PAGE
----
In a new release from European Medicines Agency (EMA), Pharmacovigilance Risk Assessment Committee (PRAC) stated that ingenol mebutate may increase the risk of skin cancer and concluded that risks for ingenol mebutate medicine are greater than its benefits.

On 09-May-2019, PRAC initiated the procedure of review for assessing the benefit risk profile for ingenol mebutate and completed on 17-Apr-2020 with the outcome of suspension of this medicine.

Picato (ingenol mebutate) is used for treatment of actinic keratosis, in a gel formulation marketed by LEO Laboratories. This medicine is authorized in Europe since November 2012.

On 21-Aug-2015, USFDA released a safety communication with a warning that ingenol mebutate use is associated with severe skin allergic reactions and herpes zoster (shingles) based on the case reports received from post marketing surveillance into FAERS.

The review on benefit risk (BR) profile for this medicine has been initiated by European Commission, as part of referral procedures. During the process of review by safety committee, on 16-Jan-2020, EMA (PRAC) recommended suspension of Picato marketing authorization due to potential risk of skin cancer. This recommendation is followed by issue of legal binding decision by European commission (EU) to suspend marketing authorization. On 11-Feb-2020, EU withdrawn the marketing authorization of this medicine as per the request from its manufacturer.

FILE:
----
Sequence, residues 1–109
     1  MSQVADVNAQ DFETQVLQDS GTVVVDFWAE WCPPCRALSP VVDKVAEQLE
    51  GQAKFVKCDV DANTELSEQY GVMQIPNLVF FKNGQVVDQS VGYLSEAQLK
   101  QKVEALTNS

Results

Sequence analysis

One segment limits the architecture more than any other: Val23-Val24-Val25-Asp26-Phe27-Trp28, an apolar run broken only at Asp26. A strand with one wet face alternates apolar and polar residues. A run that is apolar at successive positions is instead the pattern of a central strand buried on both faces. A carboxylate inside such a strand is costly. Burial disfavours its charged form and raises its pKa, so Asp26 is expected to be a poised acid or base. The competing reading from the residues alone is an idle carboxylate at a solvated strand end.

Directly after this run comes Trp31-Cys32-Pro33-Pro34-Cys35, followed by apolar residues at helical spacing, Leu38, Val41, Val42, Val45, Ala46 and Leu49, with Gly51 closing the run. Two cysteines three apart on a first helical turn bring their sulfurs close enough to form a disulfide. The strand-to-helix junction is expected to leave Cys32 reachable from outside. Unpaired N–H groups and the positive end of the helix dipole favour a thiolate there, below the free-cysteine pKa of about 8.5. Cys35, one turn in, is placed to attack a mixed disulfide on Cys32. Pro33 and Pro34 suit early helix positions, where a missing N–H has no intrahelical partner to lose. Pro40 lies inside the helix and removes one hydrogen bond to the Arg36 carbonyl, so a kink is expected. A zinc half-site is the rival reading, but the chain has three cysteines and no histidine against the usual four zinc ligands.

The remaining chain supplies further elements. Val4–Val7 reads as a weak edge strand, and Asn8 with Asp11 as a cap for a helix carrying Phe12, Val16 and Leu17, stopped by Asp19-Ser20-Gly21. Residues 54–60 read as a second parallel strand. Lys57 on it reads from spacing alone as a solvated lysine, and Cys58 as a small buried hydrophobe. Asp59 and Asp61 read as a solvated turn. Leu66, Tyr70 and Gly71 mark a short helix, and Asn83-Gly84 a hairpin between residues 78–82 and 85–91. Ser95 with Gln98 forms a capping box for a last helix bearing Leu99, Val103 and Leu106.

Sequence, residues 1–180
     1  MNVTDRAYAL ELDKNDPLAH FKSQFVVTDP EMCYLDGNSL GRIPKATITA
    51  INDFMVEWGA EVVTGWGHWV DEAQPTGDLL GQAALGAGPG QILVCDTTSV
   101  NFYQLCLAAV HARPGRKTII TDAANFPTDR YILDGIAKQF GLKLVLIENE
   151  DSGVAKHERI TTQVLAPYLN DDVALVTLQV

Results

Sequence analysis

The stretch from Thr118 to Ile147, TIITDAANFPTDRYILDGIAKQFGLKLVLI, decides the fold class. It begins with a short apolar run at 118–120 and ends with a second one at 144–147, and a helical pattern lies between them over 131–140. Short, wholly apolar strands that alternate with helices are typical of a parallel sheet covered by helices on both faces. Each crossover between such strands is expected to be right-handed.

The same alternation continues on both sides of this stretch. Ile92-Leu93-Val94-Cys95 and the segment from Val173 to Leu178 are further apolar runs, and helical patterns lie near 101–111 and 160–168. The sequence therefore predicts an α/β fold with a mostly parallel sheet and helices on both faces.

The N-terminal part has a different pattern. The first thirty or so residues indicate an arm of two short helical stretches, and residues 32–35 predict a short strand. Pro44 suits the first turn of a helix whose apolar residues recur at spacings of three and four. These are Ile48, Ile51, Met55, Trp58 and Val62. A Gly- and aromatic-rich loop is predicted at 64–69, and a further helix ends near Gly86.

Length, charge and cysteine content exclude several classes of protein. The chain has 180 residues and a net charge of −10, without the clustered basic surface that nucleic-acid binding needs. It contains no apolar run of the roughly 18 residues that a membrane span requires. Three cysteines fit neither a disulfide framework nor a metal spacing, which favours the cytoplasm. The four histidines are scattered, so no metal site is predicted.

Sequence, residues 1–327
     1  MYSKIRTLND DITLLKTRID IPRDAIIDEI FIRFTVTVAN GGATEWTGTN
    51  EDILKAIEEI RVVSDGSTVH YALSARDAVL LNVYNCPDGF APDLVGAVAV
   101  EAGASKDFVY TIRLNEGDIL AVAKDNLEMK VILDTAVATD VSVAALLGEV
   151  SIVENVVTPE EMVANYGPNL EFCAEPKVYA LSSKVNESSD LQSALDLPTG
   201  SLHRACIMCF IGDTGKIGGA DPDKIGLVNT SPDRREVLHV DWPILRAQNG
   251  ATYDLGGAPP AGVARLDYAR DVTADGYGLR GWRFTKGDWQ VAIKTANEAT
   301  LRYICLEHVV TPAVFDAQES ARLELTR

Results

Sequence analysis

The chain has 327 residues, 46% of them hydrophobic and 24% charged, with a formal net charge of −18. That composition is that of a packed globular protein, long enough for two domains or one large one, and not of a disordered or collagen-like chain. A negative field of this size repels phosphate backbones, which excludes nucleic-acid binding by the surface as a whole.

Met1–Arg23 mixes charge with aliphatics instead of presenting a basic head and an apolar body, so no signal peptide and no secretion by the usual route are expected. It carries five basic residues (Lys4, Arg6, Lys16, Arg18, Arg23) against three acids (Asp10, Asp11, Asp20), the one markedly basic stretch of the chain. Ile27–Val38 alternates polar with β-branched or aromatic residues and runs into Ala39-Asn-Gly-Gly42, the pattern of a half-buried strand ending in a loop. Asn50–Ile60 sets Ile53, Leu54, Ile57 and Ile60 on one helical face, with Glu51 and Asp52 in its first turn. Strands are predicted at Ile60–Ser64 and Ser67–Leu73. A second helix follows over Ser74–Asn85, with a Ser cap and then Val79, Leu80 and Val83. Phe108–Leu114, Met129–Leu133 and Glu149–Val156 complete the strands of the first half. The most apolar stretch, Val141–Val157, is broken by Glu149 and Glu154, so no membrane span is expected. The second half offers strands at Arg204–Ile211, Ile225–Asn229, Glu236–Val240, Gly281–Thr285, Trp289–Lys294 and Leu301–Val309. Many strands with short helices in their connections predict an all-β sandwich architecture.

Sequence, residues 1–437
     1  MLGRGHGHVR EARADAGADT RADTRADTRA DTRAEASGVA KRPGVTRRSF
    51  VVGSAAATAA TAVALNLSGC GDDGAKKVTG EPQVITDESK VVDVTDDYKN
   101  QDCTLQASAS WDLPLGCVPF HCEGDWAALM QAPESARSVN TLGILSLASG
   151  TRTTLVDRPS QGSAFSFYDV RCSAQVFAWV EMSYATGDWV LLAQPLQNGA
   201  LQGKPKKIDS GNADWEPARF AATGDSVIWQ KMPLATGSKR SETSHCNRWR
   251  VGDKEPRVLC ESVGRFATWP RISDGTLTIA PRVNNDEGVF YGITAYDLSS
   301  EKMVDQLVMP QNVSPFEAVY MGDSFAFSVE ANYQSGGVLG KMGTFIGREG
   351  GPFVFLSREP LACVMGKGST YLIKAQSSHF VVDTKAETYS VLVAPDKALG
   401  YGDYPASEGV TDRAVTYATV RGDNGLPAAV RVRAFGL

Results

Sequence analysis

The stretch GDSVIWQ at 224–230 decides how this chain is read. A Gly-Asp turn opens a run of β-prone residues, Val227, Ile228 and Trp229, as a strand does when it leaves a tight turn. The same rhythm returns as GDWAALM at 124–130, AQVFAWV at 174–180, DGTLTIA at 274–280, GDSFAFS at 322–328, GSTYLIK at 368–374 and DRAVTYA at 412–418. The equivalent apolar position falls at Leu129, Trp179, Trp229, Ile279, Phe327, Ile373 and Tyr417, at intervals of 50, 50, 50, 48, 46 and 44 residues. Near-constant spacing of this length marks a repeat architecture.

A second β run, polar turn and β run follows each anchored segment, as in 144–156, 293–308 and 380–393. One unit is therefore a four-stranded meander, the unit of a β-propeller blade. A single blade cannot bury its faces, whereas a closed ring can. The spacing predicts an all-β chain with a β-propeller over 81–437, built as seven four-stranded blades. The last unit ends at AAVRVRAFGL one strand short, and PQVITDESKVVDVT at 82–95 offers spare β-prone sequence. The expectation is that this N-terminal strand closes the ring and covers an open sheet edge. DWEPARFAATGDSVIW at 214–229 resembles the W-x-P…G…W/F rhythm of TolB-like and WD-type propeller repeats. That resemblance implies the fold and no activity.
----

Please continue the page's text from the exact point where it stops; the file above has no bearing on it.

A Phase-4 interventional clinical study (NCT01926496) was conducted for comparison of risk of squamous cell carcinoma on skin areas between ingenol mebutate and imiquimod (another medicine for actinic keratosis). The study results showed a higher occurrence of skin cancers, (especially squamous cell carcinoma), in areas of skin treated with ingenol mebutate than in areas treated with imiquimod. The conclusion of PRAC on this medicine’s BR profile is based on the evidence of skin cancer risk in patients treated ingenol mebutate from this study results

The safety committee also considered that effectiveness of ingenol mebutate is not maintained over time and identified the alternative treatment options available for treatment of actinic keratosis.

EMA advised patients who have been treated with ingenol mebutate to look for unusual skin changes or growths which usually appears after weeks or months of the medicine use and seek the immediate medical treatment for any unusual occurrences.

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